Davidi provided Burnat's film with a new concept: Burnat himself, the cameraman, would be the protagonist, and the story would be told from his point of view. Davidi also proposed that the film be structured around the history of the destruction of Burnat's cameras. Footage that Burnat shot of his family was also incorporated into the film.

Beginning in 2009, Burnat, adhering to the new concept for the film, focused more extensively on his family's reactions to events. A few important scenes shot by other cameramen (including Guy Davidi) were used to supplement the narrative, and to introduce Burnat as a character.[2]


Starting in 2009, Davidi worked on the voice-overs and structuring the film. In 2011 French editor Véronique Lagoarde–Ségot joined the project to edit the final cut of the 90-minute film and to create the 52-minute television version. The film takes the form of a diary, and is divided into 5 sections, each of which recounts the story of one of the five cameras that Burnat used over the years.

In a prologue, Burnat is shown with his 5 broken cameras laid out on a table. This scene is returned to at the end of the film. Title cards identifying the time periods during which each camera was used are shown at the start of each episode as well as the epilogue. The story shifts frequently between the dramatic public events in the village and the highly intimate scenes involving Burnat's family.

The most prominent narrative is of Burnat's fourth son Gibreel, whose growth throughout almost 6 years is documented in the film. The birth of Gibreel occurs at the same time as the birth of the non-violent movement in the village; later in the film, Gibreel's first words are "wall" and "cartridge", uttered when he crosses the barrier with his brothers and finally writes his name on the second concrete wall at the end of the film.

Beginning with the episode involving the third camera, the personal and village movement narratives grow more integrated. Burnat becomes more conspicuous as a protagonist. First he is placed under house arrest and films himself, then he is filmed at the moment a bullet directly hits his third camera.[2]


The film was initially developed by the Greenhouse Development Project, a Mediterranean development project initiated by an Israeli foundation and sponsored by the European Union. Later it received funding from international and Israeli sources such as the New Israeli Cinema Fund (Israel), the Jan Vrijman Fund (Netherland), ITVS (USA). Still later, funding was provided by Israel's Channel 8, Dutch Television IKON, and sources in Canada, South Korea, and the UK. Ultimately French television and the CNC French Cinema Fund provided help. It was pitched at the 2010 Sheffield Doc/Fest MeetMarket.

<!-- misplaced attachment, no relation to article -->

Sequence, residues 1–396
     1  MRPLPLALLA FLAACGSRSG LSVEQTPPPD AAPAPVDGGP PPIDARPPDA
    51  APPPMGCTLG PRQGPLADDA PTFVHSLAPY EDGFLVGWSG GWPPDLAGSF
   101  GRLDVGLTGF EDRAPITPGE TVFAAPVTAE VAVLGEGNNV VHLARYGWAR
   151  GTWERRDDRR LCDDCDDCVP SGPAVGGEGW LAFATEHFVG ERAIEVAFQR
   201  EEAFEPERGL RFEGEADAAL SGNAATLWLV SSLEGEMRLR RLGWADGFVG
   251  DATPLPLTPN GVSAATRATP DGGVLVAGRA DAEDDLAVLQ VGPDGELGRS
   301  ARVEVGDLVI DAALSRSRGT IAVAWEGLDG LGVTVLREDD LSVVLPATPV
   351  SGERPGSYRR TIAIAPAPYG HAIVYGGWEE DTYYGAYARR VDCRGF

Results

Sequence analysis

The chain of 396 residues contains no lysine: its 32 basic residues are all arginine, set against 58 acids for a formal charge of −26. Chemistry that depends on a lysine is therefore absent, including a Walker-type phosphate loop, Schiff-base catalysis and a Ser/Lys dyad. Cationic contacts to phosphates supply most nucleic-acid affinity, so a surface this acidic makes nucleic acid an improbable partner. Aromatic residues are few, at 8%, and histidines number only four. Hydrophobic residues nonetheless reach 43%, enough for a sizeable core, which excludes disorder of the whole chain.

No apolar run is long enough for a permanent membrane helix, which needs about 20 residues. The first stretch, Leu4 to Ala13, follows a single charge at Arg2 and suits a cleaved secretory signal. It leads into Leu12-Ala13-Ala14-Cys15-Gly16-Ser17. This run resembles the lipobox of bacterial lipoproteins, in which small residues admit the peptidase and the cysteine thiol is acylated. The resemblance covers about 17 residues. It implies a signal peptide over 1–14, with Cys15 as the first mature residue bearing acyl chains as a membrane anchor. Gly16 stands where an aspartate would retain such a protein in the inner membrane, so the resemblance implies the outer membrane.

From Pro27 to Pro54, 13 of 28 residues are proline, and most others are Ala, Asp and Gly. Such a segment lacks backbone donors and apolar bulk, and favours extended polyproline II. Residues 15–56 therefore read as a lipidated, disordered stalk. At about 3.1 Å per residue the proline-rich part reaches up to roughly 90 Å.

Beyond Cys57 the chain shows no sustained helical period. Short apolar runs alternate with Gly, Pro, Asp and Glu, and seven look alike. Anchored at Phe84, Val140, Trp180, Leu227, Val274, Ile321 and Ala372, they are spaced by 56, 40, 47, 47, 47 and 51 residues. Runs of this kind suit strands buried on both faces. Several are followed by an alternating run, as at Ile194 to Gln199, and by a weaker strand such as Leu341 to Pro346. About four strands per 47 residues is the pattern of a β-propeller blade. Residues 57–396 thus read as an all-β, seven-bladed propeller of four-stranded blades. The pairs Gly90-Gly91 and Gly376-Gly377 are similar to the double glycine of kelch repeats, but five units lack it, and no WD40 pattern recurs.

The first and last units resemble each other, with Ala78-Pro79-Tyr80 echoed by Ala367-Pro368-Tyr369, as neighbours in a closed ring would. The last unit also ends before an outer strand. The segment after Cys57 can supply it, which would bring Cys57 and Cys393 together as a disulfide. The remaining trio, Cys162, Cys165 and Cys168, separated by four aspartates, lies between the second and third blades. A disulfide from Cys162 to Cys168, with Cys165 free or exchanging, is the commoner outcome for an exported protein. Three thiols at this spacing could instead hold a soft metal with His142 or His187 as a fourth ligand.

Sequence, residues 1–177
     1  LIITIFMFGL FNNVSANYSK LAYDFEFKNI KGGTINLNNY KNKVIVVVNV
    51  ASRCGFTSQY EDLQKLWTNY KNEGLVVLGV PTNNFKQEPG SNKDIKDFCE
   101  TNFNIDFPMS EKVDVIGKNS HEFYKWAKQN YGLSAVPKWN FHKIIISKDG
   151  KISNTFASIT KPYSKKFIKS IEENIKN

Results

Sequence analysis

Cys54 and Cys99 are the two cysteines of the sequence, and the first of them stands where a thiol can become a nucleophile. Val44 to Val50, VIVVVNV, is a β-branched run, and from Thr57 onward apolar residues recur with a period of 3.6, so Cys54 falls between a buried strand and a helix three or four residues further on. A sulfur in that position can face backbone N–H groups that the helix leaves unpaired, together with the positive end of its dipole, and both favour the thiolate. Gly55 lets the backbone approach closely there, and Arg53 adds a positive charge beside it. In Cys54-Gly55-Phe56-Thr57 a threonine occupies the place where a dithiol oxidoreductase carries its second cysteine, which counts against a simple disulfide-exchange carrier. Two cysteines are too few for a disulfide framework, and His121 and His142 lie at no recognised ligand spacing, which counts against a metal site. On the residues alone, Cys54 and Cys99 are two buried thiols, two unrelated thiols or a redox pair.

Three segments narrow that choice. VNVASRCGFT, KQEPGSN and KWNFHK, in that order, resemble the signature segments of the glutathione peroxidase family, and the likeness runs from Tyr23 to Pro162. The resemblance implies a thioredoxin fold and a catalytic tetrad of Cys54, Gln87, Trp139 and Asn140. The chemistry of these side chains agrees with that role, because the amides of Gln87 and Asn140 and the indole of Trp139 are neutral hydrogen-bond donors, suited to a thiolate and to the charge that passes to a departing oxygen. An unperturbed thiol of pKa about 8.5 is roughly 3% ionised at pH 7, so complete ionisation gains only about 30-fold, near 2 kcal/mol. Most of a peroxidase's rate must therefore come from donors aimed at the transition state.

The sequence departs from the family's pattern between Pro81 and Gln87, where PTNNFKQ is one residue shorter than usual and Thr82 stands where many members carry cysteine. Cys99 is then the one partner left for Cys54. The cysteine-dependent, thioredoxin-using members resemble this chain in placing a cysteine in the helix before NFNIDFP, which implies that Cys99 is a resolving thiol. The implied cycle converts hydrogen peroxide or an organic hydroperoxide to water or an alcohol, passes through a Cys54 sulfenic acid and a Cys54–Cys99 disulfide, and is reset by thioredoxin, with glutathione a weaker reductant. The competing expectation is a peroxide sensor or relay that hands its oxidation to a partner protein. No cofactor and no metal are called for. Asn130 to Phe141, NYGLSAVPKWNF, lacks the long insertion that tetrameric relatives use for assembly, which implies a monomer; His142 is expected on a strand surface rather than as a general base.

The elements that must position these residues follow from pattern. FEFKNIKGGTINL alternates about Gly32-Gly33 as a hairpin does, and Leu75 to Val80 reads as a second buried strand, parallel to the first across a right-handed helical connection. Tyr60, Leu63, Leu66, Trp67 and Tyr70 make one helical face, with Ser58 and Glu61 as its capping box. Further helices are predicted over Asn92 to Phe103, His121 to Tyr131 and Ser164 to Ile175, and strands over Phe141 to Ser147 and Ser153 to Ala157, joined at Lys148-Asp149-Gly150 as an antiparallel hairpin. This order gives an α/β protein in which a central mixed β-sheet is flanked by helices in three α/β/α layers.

5 Broken Cameras has received positive reviews from numerous critics. It has a fresh rating of 96%, based on 48 reviews at Rotten Tomatoes.[10] It also has a score of 78 out of 100 on Metacritic, based on 15 critics, indicating "generally favorable reviews".[11]

A.O. Scott of The New York Times while stating that the film was "unlikely to persuade anyone with a hardened view of the issue to think again" and was a "hardly neutral...piece of advocacy journalism", also said that it was a "visual essay in autobiography and, as such, a modest, rigorous and moving work of art" that deserved "to be appreciated for the lyrical delicacy of [Burnat's] voice and the precision of his eye."[12] Artinfo magazine's J. Hoberman noted that the documentary was "gripping from the get go" and that seeing it is to "wonder what it would have been like to have a black Alabaman's 8mm documentation of the civil rights struggle."[13] Joshua Rothkopf of Time Out New York gave the film four stars, describing it as a "proudly defiant work, devoted to a community and created by its members" that shows the "largely unreported details" of normal life in the West Bank.[14] An NPR review of the film noted that it "is unabashedly pro-Palestinian, an indictment of Israel's settlement policy that never examines either the settlers' claims or the security forces' point of view" and quoted Anav Silverman of the Tazpit News Agency as saying that "the conflict in Judea and Samaria [the West Bank] has become a camera war."[15]

Reception in Israel[edit]

The film was released in Israel in July 2012 and immediately won the Best Documentary Award at the Jerusalem Film Festival, where it competed against another Oscar-nominated film, "The Gatekeepers." The film also received an award named after the slain Palestinian-Israeli filmmaker Juliano Mer Khamis, at the Cinema South Film Festival in Sderot. In Israel, 5 Broken Cameras received overwhelming positive reviews, with Timeout Israel calling it "a masterpiece" and Israeli film critic Shmulik Duvdevani naming it "the most important cinematic event of the year." Even Israel's most popular right-wing newspaper, Israel Hayom, called the film "the best documentary of the year" (2012). Both directors, Guy Davidi and Emat Burnat, also appeared on the cover of the cultural weekend section of Israel's leading newspaper, Yediot Achronot. In 2013 the film was nominated for the Israeli Film Academy's award (Ophir Award) for Best Documentary.